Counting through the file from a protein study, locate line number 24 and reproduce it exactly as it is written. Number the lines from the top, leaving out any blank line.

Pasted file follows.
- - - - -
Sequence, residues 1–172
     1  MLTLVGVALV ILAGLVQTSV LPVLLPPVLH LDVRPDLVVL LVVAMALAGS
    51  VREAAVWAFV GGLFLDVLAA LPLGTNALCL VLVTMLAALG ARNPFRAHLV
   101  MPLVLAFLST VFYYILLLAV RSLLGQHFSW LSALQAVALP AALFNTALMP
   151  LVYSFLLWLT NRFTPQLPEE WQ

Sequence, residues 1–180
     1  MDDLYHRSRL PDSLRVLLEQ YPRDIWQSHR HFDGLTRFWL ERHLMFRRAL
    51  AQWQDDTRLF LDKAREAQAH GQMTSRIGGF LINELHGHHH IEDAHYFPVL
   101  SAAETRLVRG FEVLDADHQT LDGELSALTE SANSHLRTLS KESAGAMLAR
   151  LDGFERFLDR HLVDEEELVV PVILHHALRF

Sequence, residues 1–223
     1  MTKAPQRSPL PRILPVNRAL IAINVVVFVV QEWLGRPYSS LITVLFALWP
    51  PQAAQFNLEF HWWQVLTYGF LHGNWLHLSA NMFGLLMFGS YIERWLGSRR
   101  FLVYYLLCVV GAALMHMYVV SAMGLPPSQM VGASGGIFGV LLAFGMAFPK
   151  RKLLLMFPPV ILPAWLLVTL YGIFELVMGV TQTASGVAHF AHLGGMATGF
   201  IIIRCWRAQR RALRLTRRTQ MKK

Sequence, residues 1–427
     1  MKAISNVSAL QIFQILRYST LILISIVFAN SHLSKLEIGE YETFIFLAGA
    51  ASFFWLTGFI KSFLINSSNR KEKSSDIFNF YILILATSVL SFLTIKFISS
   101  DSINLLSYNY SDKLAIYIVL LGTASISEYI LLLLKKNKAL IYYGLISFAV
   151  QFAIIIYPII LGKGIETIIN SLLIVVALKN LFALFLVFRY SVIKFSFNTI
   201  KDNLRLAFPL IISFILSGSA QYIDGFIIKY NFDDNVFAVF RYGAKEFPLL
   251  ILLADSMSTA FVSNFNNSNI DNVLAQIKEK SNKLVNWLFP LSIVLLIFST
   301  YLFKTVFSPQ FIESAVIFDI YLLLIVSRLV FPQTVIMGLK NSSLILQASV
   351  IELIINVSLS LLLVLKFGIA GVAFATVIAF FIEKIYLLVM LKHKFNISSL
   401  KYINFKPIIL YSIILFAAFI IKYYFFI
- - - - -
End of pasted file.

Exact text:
   301  YLFKTVFSPQ FIESAVIFDI YLLLIVSRLV FPQTVIMGLK NSSLILQASV